30 April 2007

Happy Mission Accomplished Day

Four Years Later.

Just for reference, that is three months longer than it took the US to arm itself, invade Africa, Italy, and France, island hop through the Pacific, liberate the Philippines, drive to Berlin, and defeat the Japanese Empire. Granted, that says more about the absolute stunning mobilization the US went through for World War Two than it says about this military expedition. In the grand scheme, WWII was amazingly short, especially when you consider the sheer amount of geography reconquered, and the fact that the weapons the US relied on to win the war not only did not exist at its outset, but in many cases had not yet been invented.

But it is still a remarkable perspective, that the time from Mission Accomplished Day to today is longer than the time from Pearl Harbor to V-J day.

What I do with my time

I see, on average two patients for every hour I work, give or take some. This is about average for ER docs in general. I am a little on the fast side for our group. This breaks down to about 30 minutes per patient; simple patients take much less, while complex or critical patients take substantially more. Yet when we review patient complaints, one of the most common themes is "I only saw the doctor for a minute." I think that's a underestimation, but not too far off the mark. A complex patient, I may be with them on and off for half an hour, cumulatively. Moderately complex patients I may spend five to ten minutes at the bedside. Ankle sprains and simple matters may truly get a minute or two, depending on whether they need much in the way of instructions.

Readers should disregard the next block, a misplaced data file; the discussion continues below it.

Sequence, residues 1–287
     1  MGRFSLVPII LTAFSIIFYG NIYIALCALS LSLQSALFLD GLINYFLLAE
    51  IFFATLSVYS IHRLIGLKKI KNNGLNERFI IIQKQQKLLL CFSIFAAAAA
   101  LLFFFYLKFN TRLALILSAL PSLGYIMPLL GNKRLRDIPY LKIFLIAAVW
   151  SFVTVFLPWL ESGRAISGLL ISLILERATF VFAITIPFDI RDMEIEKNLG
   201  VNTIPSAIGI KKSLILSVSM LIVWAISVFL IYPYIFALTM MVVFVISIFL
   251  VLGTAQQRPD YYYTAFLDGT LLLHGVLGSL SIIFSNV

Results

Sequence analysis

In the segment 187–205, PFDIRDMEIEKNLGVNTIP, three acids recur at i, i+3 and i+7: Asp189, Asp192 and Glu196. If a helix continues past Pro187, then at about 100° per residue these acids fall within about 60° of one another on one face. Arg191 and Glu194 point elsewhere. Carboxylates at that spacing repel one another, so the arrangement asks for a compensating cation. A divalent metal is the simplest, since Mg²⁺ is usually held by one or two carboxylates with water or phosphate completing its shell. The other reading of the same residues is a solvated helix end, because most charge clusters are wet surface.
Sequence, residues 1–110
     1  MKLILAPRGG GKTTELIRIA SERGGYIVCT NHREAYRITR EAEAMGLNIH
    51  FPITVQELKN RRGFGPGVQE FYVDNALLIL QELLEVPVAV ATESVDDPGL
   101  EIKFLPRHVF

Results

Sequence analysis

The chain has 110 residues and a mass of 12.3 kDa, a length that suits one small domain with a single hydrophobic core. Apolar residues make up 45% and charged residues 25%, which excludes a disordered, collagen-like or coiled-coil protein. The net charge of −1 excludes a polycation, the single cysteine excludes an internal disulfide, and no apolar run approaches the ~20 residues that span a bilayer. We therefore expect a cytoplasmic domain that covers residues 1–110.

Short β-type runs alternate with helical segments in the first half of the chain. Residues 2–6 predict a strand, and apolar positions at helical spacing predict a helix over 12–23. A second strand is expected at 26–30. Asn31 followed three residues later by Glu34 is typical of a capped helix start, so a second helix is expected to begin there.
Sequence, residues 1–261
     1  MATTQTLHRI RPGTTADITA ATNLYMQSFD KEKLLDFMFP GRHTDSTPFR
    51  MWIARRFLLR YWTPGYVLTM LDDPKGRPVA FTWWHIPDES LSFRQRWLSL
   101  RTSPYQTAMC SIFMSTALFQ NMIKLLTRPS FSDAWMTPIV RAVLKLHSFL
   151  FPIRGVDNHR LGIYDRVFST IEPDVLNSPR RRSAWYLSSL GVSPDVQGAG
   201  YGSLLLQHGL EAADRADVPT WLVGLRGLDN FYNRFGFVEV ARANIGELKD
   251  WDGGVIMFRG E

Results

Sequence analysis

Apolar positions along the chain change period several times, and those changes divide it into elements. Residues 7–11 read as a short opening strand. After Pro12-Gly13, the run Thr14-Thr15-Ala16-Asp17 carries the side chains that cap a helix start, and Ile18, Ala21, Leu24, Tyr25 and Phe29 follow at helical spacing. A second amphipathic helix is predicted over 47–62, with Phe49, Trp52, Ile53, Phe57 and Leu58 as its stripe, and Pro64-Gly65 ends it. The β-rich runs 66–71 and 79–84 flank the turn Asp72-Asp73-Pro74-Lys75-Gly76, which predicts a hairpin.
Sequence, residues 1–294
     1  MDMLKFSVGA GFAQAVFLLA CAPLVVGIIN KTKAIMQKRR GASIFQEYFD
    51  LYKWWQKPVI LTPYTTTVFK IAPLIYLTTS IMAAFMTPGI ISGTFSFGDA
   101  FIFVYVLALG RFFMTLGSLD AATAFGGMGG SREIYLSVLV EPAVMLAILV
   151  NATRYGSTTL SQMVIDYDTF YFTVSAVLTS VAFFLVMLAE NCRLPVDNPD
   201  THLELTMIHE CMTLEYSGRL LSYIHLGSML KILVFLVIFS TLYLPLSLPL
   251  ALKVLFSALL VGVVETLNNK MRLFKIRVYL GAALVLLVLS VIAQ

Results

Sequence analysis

So, you may wonder, what is it I do with the other 25 minutes for each patient? Here are the common tasks (in no particular order):

  • review old medical records
  • enter orders in the computer, and via the unit clerk
  • write up the chart -- history, exam, medical decision-making
  • chase down labs
  • chase down x-rays
  • call answering service to page primary care doc, consultants, admitting docs
  • wait for call-backs
  • phone conversations with primary care doc, consultants, admitting docs
  • receive phone call from outside doctor or clinic
  • base station control for ambulances
  • conversations with nurses (patient care-related)
  • conversations with nurses (social)
  • write up discharge instructions and prescriptions
  • field phone calls from pharmacies about prescriptions written by other providers
  • write up admitting orders
  • bother charge nurse about when inpatient beds will be ready
  • visit bathroom (maybe)
  • follow up abnormal culture results
  • consult with psychiatric social worker
  • dictate records in some cases
  • fend off approximately 24 interruptions per hour (really)
  • eat (maybe)
So, yes, I am sorry that I only had a couple of minutes to spend with you. I know you spent a long time in the ER waiting for the test results, and you felt cheated that I was in and out briskly. I tried to communicate a lot in that short time and maybe you didn't follow it all. There are so many things to do that I wonder how I manage as it is. I can't omit (or escape) any of the above tasks, and I routinely go an entire shift without eating and sometimes without voiding. It's not as if I was lazing around. But you didn't see any of it, and you overheard an extended personal conversation between two nurses in the hall, so you have concluded that we were all too busy socializing to take care of patients. That is very frustrating, I understand.